The Art Studios: Encouraging Your Creative Side
“It’s really a special moment for me when someone has an ‘aha’ moment,” said Sage Wheeler, one of the creative facilitators at United Active Living’s Art Studios. “Older adults are capable of so much more than what society expects of them.”
Sage is one of the professional artists who work with residents to introduce them to the world of art, and open creative channels that many aren’t aware of. The facilitators see first hand that age isn’t a barrier to creativity.
“The interesting thing about getting older is that we have more stories to tell,” said Jeff Chan, creative facilitator. “This gives everyone a different entry point into their art. Some residents are attracted to the art studios because they are accomplished artists, while others might have been interested in art in their early life, put it on the back burner for various reasons and now they are coming back to it. It’s our job to open that doorway.”
“Clay is a perfect example of an art form that can be interpreted so many ways,” said Amy Bouchard, a creative facilitator who sees the excitement in residents each time she introduces this versatile medium. “It might start with a class where we make a bowl using coils or slabs but as people become more proficient we can move to other options such as the potters wheel. It’s wonderful to see so many budding artists at a later point in life!”
United’s creative philosophy is driven by the residents.
“We try to cater to the individual, and create programs that draw on the resident’s interests, skills and experience,” said Cailey Massey, creative facilitator. “Our most successful programs are those that are inspired by United residents.”
An example of this is the Coffee, Tea and Poetry program. It’s designed to include everyone regardless of experience. “Some are very keen to write poetry, while others simply enjoy listening, or are drawn to the discussion of poetry,” said Cailey. “Often the poems are interpreted into visual works in the art studio. We work with the residents to find a medium that best expresses their written words.”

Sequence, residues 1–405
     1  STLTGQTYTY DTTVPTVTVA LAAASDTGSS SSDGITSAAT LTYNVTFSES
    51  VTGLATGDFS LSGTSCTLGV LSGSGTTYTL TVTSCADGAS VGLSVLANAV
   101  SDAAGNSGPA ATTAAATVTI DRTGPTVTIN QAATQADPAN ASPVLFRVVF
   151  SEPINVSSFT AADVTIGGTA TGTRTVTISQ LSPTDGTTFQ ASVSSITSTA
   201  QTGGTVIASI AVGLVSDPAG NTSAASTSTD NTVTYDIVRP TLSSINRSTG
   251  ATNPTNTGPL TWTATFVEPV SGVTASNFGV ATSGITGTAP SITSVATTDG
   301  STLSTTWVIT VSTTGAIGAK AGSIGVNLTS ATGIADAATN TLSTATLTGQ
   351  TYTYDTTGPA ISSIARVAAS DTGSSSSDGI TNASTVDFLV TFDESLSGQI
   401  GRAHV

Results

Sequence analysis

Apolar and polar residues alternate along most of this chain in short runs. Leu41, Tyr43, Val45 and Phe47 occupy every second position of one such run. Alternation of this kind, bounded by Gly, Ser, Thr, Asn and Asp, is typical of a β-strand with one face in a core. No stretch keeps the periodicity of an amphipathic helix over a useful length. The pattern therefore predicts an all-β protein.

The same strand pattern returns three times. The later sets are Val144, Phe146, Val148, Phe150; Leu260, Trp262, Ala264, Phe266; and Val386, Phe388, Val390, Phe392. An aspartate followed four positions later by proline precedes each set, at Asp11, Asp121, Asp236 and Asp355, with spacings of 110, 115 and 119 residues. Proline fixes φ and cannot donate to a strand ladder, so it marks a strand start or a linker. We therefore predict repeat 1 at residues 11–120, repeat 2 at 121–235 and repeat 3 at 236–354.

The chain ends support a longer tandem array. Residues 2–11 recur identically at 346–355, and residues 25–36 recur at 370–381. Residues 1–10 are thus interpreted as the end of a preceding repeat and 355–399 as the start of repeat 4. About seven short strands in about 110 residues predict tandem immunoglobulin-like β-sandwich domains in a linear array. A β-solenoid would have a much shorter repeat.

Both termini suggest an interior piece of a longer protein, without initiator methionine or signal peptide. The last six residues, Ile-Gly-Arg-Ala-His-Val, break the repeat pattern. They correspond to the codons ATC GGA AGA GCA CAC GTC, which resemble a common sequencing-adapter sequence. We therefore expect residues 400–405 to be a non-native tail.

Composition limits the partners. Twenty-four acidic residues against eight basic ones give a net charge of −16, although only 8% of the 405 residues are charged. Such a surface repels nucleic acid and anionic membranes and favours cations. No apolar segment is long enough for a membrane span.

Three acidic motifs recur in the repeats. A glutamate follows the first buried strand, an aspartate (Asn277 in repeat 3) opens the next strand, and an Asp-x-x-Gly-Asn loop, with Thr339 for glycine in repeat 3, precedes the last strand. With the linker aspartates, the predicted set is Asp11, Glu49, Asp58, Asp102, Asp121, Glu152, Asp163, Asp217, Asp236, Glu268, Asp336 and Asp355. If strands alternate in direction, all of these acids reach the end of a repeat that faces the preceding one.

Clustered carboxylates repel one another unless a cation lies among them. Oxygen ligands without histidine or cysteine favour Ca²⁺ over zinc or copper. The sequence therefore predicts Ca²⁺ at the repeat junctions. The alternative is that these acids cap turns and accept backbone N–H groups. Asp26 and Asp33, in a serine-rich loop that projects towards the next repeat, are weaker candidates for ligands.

The studios in both Garrison Green and Fish Creek communities are open 24 hours, which allows the residents to work on projects whenever the muse strikes. Those who are new to painting or sculpture can often be seen on their own, or working alongside new-found friends.
While the arts can be solitary, Amy notes that forming a community is one of the benefits. “We don’t usually create just one sculpture or bowl and go through the entire process of drying it, glazing, firing and painting. In most cases, we work with a group of people who become fast friends because they are going through a new experience together.”
“The residents have taught me to always keep learning,” said Amy. “Age isn’t a barrier and in fact is helpful in lending life experience to the creative process. My advice? Keep going. Get involved!”
Residents may be unsure of themselves when trying something new, but the facilitators and other residents provide a supportive atmosphere where experimentation is encouraged. “A physical limitation may keep someone from expressing themselves artistically, but together we find unique ways to overcome those obstacles and even use them to fuel their practice,” said Cailey.
“The art studio is more about building relationships so that we can personalize the experience for residents,” said Jeff. “Creating art is not a ‘one-size-fits-all’ approach. It’s about the freedom to express, and once people start on that path, the studio becomes a community that supports each other without judgement. In art, there are no wrong answers.”
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